15 January 2010

Jonathan Darby was born in Tel-Aviv, 1984. At the age of 6 he emigrated to London with his family.

I have been looking at the phenomena of how brands and their visual aspects are taking over public space; leaving us less and less choice about what surrounds us.

I became interested in how activist support groups attempt to subvert corporate intentions and then themselves are consumed and deflected by the greater force of the capitalistic marketing. The power of brands seduces society and sucks and blinds with the pull of the plastic pop culture that supports this takeover and is becoming inescapable in modern day society.

As an artist, I am attempting to observe the inconsistencies that are evident in modern day culture and I believe that we are a branded nation.

It is evident that we are easily sucked into an anti-capitalist stance or hop on the bandwagon against the corporate giants yet we are completely and utterly seduced by them.

Whether I like it or not I am just as much part of this as I write this wearing my Nike trainers.

Our humanity is being diluted as we become one common indistinguishable mass that is easily manipulated to the benefit of capitalist intention. I have chosen to use myself in my work as I honestly believe that I am also the subject of this matter and the first steps to dealing with this is to be straight with myself as to my involvement in it.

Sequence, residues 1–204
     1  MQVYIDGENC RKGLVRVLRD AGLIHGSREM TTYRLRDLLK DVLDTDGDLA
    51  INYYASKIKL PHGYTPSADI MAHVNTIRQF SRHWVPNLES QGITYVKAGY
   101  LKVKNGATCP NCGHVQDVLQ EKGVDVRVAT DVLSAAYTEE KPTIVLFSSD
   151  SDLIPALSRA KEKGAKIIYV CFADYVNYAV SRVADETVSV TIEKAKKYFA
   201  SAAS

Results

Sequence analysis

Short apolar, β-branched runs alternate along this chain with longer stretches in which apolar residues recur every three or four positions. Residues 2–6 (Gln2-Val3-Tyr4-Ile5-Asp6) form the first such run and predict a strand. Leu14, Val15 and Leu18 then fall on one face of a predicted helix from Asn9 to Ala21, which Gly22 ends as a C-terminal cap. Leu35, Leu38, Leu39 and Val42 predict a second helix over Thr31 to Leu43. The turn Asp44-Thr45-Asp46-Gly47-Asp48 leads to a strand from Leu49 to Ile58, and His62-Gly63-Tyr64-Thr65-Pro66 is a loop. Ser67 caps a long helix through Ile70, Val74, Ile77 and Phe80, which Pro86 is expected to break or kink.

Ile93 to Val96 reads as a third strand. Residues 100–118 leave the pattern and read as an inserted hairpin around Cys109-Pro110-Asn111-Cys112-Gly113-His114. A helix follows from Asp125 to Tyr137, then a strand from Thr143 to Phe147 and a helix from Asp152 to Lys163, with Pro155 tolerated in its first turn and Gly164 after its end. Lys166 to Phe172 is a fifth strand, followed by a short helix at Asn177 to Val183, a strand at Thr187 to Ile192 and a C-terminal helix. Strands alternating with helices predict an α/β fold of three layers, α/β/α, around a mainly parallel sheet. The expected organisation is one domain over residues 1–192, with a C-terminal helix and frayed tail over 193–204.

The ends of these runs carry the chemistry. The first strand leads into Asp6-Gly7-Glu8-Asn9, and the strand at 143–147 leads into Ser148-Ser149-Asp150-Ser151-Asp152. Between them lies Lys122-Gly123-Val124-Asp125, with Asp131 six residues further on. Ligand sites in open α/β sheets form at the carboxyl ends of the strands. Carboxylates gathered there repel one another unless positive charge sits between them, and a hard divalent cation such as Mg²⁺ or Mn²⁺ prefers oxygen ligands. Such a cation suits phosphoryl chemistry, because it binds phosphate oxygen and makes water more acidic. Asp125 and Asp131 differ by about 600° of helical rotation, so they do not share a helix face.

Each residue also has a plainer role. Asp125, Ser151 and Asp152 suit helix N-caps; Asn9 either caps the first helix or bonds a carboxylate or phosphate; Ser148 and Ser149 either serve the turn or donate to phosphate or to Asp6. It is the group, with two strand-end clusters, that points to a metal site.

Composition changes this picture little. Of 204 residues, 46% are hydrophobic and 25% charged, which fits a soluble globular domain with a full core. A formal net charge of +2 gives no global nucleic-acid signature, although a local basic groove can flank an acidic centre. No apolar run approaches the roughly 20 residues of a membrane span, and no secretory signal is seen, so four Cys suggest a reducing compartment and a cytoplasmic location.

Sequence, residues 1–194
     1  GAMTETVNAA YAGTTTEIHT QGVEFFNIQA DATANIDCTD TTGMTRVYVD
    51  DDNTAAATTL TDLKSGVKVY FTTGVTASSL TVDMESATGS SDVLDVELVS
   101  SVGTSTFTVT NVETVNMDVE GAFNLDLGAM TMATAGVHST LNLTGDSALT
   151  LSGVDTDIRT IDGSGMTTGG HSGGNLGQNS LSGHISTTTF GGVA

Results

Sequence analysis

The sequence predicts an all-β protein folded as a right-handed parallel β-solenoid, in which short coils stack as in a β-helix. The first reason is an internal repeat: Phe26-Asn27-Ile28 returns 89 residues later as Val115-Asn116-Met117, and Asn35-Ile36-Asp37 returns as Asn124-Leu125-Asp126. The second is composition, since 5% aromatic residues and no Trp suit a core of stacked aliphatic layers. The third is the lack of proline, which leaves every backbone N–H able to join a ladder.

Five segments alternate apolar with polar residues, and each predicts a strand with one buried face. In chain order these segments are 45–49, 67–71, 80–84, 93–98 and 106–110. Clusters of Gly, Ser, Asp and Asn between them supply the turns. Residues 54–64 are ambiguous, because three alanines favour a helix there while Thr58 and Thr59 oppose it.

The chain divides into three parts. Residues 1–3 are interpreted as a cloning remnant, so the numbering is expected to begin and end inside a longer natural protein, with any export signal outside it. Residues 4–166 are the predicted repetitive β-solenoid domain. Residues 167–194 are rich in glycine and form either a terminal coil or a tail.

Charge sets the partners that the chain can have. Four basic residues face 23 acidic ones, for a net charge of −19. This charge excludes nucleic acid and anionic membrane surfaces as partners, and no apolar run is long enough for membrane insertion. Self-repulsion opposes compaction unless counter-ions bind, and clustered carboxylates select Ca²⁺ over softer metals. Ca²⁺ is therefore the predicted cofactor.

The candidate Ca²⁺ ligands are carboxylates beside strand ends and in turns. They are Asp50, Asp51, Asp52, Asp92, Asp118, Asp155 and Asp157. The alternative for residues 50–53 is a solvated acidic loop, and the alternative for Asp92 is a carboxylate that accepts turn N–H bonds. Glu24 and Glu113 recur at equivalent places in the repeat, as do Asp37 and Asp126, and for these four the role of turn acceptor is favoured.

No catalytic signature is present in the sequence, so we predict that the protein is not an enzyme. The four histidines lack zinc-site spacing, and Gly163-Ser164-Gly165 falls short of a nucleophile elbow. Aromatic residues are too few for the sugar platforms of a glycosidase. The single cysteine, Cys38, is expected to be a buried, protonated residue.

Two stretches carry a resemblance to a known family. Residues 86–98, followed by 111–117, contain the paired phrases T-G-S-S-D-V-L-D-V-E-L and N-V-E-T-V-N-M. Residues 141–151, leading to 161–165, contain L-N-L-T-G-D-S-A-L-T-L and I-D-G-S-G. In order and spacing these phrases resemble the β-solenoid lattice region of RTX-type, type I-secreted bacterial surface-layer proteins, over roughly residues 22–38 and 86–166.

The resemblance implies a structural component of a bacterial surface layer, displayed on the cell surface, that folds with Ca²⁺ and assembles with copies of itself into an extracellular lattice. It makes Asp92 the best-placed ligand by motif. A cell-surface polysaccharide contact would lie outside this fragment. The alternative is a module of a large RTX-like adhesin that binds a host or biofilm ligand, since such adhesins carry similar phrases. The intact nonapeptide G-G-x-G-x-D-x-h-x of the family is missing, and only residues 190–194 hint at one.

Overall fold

I have incorporated references to a painting of Kaethe Kolwitz, ‘The Prisoners’ as she portrayed downtrodden, faceless humanity.

I have used a contemporary setting and have chosen my media carefully as I believe that stencil art has become another classic example of how corporate branding will disarm any reaction to it by incorporating the attack into its own culture.

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